Kindly remember the ONLY WAY experts receive any credit at all for spending time with customers is if you click on OK, GOOD or EXCELLENT SERVICE even though you have made a deposit or are a subscription customer. YOU MUST COMPLETE THE RATING FOR THE EXPERT TO RECEIVE ANY CREDIT, if not the site keeps your money on deposit.

Also remember, sometimes the law does not support what we want it to support, but that is not the fault of the person answering the question, so please be courteous.

PLEASE NOTE WELL WE ARE DEALING WITH LAWS OF 50 STATES PLUS FEDERAL LAWS, AS WELL AS DEALING WITH OTHER CUSTOMERS, SO PLEASE BE PATIENT AND BE ASSURED YOU ARE NOT BEING IGNORED.

There can also be a delay of an hour or more in between my answers because I may be taking a break.

You can always request me through my profile at http://www.justanswer.com/law/expert-paulmjd/ or beginning your question with “For PaulMJD…”

Customer: replied 3 years ago.


Morning, thanks for your input. However I wasn't thinking of going after the Police Officers nor the Department I was looking to go after the Administrations as a hold because when I presented the ordinance in black and white something they gave me 13 years ago it still states the same about the "previous ordinances don't apply" when a ceromony is being held and yet they all of leadership willfully looked the other way and allowed me to go to court and be found guilty of honoring the city's ordinance which clearly states that I couldn't be citated and yet I was and why was I if the ordinance states that I can't be citated. Just trying to understand. Thanks again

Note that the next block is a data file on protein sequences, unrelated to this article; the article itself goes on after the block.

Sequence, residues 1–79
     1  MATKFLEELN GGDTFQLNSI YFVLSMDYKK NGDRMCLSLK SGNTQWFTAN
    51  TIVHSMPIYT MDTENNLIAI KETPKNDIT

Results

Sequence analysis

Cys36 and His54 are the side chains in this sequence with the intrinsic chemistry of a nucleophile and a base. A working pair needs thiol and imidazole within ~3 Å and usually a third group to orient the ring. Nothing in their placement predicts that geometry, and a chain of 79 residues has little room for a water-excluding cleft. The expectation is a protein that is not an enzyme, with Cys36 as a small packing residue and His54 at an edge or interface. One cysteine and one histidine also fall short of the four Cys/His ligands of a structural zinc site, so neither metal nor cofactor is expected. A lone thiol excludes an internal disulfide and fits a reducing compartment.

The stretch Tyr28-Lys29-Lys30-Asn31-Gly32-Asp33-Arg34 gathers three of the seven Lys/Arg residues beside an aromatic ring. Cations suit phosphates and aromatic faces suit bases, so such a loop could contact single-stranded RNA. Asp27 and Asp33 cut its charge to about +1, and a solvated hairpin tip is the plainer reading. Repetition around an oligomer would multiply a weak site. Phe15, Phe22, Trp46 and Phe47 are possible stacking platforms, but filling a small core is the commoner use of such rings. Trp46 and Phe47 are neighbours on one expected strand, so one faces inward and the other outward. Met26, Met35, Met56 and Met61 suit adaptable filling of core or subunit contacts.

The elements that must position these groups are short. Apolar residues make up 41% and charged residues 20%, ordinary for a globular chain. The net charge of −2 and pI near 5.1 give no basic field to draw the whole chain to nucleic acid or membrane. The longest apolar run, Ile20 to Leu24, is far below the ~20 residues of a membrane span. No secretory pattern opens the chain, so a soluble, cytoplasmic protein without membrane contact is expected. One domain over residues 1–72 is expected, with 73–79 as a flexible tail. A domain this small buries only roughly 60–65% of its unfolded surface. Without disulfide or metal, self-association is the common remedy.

Thank you for your follow up and for your additional information

The place to challenge the improper application of the law is in the court and if your municipal court ruled against you on this when you had your day in court, then your proper move is filing an appeal to the court of appeals and getting them to review the ordinance and how it was applied to you and if you prove you were engaged in a legal and proper ceremony then the appeals court has no choice but to vacate the charge against you.